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Sun, 24 Feb 2019 #23
Thumb_img_0244 Jack Pine United States 5655 posts in this forum Offline

J.Krishnamurti: UNDERSTANDING OUR SELVES, page 21

Questioner: But, sir, you have feelings and you express opinions based on experience in your life.
K: I don't think I am expressing opinions. I am just stating facts It is not an opinion to call this a microphone.
Q: You can call it something else.
K:No, I am not calling it something else. I am jealous-full stop. It is not an opinion I am angry, I am violent, but when I begin to explain what violence is and what you must do about it, say it should be tackled in this way or that all that is opinion and conclusion. In facing the fact that one is violent, there is no explaining and no need for opinion.

The above excerpt from a dialogue brought up an important and very pertinent point that is relative to much of what happens on this forum. There is far too much expressing of opinion and coming to conclusions without any real understanding. There is a lot of discussion for the sake of discussion without any real feeling that the person actually sees the fact of what they are discussing.

This thread, in my opinion, has become an excellent example of runaway opinions and conclusions. But it's not the only thread that has done so. I, too, have been guilty of expressing opinions and conclusions that may be logical but are useless because unless one sees the fact of something it's useless to theorize about it. You get caught in a circle of conversation that goes no where and doesn't add to understanding. Didn't K point out, so often, that the quiet mind, not the opinionated mind and coming to conclusions mind, is the way to understanding?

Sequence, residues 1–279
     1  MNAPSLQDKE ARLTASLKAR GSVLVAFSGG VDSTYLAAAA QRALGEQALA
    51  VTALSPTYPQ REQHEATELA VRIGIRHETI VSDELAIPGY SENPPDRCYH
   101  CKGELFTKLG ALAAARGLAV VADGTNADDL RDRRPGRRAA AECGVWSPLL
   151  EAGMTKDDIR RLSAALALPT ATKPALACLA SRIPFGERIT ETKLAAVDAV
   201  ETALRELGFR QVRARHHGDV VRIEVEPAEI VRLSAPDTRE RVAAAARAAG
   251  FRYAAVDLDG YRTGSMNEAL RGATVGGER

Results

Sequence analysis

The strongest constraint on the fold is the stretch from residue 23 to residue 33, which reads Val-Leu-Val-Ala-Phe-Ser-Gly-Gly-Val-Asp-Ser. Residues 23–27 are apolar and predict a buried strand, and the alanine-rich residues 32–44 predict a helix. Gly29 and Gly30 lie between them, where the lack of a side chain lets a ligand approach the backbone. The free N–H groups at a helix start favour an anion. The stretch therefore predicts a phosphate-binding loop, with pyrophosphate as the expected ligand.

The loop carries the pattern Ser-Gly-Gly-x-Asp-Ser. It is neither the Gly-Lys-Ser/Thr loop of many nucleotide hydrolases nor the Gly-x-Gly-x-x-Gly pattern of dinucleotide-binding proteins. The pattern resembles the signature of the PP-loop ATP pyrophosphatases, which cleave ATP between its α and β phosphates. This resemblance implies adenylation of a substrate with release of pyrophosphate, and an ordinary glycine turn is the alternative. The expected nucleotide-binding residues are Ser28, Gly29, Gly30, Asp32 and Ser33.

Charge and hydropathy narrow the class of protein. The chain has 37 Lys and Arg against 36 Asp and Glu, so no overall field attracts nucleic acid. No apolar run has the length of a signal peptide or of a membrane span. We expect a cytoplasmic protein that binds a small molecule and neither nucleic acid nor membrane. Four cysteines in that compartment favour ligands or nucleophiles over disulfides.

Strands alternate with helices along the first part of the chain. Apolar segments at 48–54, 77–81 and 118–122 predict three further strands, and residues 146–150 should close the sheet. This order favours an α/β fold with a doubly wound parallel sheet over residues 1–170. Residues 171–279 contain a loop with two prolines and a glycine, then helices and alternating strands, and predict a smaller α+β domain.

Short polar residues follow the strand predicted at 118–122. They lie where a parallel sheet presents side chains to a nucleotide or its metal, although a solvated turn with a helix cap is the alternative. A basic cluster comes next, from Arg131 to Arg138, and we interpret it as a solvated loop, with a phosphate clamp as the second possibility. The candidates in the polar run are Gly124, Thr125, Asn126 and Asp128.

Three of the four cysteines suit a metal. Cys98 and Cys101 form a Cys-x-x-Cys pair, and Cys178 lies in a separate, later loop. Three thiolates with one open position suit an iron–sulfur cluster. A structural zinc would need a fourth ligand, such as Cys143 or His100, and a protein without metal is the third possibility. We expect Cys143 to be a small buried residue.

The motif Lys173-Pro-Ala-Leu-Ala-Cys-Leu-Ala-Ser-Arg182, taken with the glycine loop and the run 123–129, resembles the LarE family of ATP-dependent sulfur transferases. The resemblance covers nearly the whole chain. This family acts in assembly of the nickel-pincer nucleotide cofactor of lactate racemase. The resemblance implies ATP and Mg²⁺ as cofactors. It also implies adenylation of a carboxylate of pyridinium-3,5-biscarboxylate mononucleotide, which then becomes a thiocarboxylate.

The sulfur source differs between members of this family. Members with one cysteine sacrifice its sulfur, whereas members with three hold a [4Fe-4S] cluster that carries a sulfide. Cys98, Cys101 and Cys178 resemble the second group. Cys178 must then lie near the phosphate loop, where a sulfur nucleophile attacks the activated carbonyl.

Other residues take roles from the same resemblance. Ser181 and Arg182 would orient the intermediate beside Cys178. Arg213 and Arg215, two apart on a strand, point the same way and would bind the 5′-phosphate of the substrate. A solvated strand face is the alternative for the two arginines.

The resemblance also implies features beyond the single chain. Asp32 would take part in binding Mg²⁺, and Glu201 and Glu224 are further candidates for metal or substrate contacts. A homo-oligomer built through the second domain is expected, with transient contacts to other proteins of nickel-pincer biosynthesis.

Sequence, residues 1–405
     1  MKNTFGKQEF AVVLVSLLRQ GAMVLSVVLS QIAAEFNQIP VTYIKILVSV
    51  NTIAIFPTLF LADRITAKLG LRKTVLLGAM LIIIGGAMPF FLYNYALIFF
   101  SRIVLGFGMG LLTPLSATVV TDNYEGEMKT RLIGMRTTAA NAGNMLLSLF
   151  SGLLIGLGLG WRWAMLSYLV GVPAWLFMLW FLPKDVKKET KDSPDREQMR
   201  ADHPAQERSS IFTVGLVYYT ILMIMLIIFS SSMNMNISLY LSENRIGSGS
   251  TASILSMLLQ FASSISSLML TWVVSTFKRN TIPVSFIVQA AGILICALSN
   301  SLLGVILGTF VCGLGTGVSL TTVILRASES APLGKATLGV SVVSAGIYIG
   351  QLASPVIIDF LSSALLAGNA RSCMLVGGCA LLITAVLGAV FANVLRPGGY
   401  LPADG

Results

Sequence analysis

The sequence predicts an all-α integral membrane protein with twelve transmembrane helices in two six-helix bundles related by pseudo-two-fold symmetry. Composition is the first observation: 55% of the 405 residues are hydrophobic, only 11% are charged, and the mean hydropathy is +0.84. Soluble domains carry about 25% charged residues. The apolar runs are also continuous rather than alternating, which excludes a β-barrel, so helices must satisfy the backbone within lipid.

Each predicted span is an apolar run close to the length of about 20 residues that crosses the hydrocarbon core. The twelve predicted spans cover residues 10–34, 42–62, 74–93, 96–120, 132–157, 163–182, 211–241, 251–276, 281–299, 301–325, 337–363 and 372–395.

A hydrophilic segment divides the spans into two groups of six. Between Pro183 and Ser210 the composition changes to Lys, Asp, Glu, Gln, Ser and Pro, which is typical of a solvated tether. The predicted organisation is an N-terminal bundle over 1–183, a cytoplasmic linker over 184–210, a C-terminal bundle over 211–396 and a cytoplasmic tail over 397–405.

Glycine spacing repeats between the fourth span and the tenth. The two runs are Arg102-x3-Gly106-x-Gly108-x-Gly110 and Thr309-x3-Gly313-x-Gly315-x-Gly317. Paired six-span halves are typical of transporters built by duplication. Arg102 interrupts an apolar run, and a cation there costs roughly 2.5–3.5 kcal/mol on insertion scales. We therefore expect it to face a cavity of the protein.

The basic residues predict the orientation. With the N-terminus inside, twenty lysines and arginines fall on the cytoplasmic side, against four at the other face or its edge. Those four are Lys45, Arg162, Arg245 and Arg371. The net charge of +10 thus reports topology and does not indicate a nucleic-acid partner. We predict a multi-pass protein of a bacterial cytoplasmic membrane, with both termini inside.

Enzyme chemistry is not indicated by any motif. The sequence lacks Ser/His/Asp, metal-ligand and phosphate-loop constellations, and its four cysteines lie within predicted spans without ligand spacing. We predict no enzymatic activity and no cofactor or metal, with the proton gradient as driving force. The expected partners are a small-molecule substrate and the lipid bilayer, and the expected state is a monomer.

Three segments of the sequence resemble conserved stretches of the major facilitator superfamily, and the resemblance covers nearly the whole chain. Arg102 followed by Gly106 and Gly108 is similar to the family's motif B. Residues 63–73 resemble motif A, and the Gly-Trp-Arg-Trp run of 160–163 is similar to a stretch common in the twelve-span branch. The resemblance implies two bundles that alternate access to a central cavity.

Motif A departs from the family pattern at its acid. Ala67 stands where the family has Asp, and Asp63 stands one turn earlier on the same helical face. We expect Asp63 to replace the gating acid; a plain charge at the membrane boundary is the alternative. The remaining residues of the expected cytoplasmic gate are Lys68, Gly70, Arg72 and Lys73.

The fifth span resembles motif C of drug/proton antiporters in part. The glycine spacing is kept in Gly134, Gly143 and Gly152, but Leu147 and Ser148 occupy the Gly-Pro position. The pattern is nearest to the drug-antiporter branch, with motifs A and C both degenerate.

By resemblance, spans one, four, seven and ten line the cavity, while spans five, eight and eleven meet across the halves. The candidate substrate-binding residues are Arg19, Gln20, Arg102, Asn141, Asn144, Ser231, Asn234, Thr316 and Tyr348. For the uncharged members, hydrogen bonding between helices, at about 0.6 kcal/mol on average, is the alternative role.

This post was last updated by Jack Pine Sun, 24 Feb 2019.

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Sun, 24 Feb 2019 #24
Thumb_screenshot_20180710-010635 One Self United States 1296 posts in this forum Offline

Paul Dimmock wrote:
Yes, I agree with you. Therefore, what would we consider to be the root of fear? If we say the root is thought or time or pleasure, does that get at it? Or is there something else that perhaps cannot be put so easily into words?

Yes ,there is more to it. We have described what causes fear. And we said fear is destructive. And we said passion or compassion is being destroyed by fear in the world. So what is next? The word is not the thing,right? The word fear or passion is not the reality of fear or passion. Right? I think one has to bear in mind that the symbol is never the actual. The cause of fear is psychological and complicated . The psychologists and psycho analysts haven't been able to understand fear yet.